This soon becomes clear in episode three however, as it turns out that Kuranosuke is largely just trying to remove himself from the political life enjoyed by both his brother and father, as he figures that doing something "perverted" like cross-dressing should prevent him from ever being made to enter the political arena. The second reason for his tendencies is equally clear-cut, with Kuranosuke taking more than a passing interest in fashion; something he demonstrates with aplomb during this episode by dressing up Tsukimi impressively to turn her into quite the princess, no jellyfish required.
|Microsoft's Kinect went down a storm in the Koibuchi household|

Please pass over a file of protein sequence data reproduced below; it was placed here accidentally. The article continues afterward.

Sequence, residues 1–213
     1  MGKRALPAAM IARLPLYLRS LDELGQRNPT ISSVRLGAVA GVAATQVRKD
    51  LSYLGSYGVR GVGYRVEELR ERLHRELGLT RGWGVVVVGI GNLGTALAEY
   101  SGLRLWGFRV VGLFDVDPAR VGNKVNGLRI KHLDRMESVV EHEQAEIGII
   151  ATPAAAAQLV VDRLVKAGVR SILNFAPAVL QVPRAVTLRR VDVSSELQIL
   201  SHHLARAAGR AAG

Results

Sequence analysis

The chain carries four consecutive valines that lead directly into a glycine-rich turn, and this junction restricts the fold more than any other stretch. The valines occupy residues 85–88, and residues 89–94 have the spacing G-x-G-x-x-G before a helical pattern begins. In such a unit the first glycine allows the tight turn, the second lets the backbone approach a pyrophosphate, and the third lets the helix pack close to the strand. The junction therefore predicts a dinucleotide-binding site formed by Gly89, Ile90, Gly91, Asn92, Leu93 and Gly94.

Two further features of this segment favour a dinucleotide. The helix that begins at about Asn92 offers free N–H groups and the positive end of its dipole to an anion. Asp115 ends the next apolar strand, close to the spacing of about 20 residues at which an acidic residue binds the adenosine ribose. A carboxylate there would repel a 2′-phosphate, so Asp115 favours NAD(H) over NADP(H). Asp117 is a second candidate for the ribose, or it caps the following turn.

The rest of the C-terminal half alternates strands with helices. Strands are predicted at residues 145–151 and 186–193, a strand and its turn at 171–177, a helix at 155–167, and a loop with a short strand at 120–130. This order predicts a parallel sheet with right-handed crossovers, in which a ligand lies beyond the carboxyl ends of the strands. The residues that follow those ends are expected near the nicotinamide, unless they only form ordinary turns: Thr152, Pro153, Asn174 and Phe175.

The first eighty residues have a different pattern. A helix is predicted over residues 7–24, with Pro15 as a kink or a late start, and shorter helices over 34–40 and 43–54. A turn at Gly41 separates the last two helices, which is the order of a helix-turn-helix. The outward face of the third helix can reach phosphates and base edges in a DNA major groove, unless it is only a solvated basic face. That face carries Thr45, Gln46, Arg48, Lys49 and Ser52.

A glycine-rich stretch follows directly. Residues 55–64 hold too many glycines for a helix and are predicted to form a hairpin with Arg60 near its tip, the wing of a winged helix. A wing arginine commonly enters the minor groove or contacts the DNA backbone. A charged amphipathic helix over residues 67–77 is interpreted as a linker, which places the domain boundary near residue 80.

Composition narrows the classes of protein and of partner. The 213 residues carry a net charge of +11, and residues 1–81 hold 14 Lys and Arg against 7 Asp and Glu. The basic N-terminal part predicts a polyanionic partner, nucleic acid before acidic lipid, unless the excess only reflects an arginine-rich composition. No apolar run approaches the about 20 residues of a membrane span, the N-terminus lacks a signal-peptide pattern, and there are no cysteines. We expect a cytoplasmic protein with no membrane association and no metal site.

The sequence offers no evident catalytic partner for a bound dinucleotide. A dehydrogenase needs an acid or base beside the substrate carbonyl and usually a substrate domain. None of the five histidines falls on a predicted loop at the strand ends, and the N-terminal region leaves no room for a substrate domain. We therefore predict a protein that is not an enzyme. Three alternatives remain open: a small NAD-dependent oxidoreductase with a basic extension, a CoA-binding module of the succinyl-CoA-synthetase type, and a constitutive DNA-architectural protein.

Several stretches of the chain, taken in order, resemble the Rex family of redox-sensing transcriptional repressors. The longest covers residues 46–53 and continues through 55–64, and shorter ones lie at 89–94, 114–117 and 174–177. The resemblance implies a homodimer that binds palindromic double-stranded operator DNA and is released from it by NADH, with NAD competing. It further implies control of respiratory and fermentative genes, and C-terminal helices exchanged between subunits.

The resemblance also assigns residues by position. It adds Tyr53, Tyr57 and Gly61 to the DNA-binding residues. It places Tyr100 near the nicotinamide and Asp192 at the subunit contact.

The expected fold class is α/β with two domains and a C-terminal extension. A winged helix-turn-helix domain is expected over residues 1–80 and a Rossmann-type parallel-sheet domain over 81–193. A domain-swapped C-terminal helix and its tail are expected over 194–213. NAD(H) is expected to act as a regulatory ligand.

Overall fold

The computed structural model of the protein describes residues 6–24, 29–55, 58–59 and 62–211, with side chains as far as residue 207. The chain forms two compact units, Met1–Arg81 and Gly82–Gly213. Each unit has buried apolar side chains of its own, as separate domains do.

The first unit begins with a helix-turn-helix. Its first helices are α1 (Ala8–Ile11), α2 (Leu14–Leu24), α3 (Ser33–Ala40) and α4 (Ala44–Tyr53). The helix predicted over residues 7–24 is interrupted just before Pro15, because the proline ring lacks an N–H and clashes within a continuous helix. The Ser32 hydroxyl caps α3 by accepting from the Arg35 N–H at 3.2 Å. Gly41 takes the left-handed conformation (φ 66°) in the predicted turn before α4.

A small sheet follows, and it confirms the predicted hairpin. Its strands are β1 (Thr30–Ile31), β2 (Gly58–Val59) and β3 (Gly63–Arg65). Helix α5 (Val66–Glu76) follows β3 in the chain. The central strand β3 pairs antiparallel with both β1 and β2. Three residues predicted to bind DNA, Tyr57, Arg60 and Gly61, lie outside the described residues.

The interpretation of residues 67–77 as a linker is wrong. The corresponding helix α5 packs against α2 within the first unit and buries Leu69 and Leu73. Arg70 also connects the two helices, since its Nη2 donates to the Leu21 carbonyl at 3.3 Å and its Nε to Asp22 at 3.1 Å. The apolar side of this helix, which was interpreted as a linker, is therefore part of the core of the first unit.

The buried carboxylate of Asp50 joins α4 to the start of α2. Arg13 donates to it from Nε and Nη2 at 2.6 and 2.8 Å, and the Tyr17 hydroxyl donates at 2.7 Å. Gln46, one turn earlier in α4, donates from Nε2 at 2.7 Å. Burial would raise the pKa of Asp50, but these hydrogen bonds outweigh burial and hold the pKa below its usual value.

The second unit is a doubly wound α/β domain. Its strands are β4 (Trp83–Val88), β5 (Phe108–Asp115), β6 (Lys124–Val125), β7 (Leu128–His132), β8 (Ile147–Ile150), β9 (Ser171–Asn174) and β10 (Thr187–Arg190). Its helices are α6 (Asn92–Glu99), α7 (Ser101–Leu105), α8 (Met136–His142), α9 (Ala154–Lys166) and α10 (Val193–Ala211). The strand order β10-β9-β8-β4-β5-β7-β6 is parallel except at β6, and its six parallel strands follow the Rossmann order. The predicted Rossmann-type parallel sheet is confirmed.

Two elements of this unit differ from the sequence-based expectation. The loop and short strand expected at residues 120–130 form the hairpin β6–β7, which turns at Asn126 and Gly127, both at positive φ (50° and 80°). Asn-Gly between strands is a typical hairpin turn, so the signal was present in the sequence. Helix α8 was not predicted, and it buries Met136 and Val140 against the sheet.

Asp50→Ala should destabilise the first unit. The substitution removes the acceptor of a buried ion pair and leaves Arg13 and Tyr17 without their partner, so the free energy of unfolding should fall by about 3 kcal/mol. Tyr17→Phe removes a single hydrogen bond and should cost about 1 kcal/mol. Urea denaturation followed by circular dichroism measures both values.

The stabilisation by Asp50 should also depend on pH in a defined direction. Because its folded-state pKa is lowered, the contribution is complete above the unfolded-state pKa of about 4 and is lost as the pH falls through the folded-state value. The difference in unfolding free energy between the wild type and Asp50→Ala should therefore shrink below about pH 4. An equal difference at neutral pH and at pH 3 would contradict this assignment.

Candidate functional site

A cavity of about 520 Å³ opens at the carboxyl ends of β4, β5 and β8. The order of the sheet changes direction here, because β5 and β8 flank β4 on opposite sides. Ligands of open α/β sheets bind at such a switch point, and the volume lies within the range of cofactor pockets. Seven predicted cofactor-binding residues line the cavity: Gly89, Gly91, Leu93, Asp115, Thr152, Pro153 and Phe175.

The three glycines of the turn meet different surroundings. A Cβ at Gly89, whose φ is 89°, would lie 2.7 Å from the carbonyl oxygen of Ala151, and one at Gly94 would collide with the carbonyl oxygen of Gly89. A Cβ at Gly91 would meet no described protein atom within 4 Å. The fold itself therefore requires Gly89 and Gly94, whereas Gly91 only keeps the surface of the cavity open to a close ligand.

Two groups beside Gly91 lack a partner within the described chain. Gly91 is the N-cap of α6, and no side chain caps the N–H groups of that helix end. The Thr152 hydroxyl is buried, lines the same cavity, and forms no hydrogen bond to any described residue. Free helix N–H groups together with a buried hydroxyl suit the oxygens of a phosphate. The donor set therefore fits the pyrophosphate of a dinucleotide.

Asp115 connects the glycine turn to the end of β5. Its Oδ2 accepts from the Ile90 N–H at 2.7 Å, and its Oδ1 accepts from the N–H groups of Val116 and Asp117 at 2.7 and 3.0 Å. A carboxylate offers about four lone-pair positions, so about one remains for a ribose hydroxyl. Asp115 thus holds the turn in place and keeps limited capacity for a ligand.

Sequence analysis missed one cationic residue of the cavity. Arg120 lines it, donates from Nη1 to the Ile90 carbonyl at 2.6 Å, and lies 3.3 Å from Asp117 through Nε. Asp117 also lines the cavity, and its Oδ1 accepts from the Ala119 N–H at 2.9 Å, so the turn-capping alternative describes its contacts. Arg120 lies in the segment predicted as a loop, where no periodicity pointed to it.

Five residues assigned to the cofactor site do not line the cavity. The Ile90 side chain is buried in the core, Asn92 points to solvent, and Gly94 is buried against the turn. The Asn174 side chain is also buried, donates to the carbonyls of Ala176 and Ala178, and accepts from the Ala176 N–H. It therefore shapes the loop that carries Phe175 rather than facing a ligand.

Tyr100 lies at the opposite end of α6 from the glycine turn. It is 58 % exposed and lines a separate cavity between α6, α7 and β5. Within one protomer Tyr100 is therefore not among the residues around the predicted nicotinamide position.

Despite all of that however, this episode doesn't forget its sense of fun at any point, be it Kuranosuke's decidedly dodgy uncle, Kuranosuke saying the wrong thing to her new otaku friends pretty much every time he opens his mouth, and topping the bill a bedraggled, half made-up Tsukimi's look being mistaken as some kind of vampire doll cosplay by her housemates. Dig a little deeper beyond those easy laughs however and you have a genuinely multi-layered piece of story-telling so far which attacks you from so many angles it's hard to know where to start. Aside from its obvious comments on the generation gap between the "baby boomers" and their children, and how society has shaped that gap, there are also all kinds of thoughts floating around about love, prejudice and gender roles within society that could easily fill a book or two. A romantic comedy anime that's also thought-provoking? That's Kuragehime in a nutshell at this point, and it's making for quite a heady mixture of elements.